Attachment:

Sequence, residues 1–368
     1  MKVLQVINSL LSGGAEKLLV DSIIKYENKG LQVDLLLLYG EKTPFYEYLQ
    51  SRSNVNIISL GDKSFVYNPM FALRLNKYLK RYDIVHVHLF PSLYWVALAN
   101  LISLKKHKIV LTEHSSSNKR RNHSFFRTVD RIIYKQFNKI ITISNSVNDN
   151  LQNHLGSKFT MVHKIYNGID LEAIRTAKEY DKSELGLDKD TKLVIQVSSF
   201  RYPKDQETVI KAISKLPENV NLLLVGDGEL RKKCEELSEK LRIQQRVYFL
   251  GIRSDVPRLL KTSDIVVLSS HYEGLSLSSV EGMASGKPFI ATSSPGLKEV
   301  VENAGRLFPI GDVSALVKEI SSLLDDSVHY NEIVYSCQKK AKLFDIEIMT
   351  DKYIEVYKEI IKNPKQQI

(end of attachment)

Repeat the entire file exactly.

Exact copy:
Sequence, residues 1–368
     1  MKVLQVINSL LSGGAEKLLV DSIIKYENKG LQVDLLLLYG EKTPFYEYLQ
    51  SRSNVNIISL GDKSFVYNPM FALRLNKYLK RYDIVHVHLF PSLYWVALAN
   101  LISLKKHKIV LTEHSSSNKR RNHSFFRTVD RIIYKQFNKI ITISNSVNDN
   151  LQNHLGSKFT MVHKIYNGID LEAIRTAKEY DKSELGLDKD TKLVIQVSSF
   201  RYPKDQETVI KAISKLPENV NLLLVGDGEL RKKCEELSEK LRIQQRVYFL
   251  GIRSDVPRLL KTSDIVVLSS HYEGLSLSSV EGMASGKPFI ATSSPGLKEV
   301  VENAGRLFPI GDVSALVKEI SSLLDDSVHY NEIVYSCQKK AKLFDIEIMT
   351  DKYIEVYKEI IKNPKQQI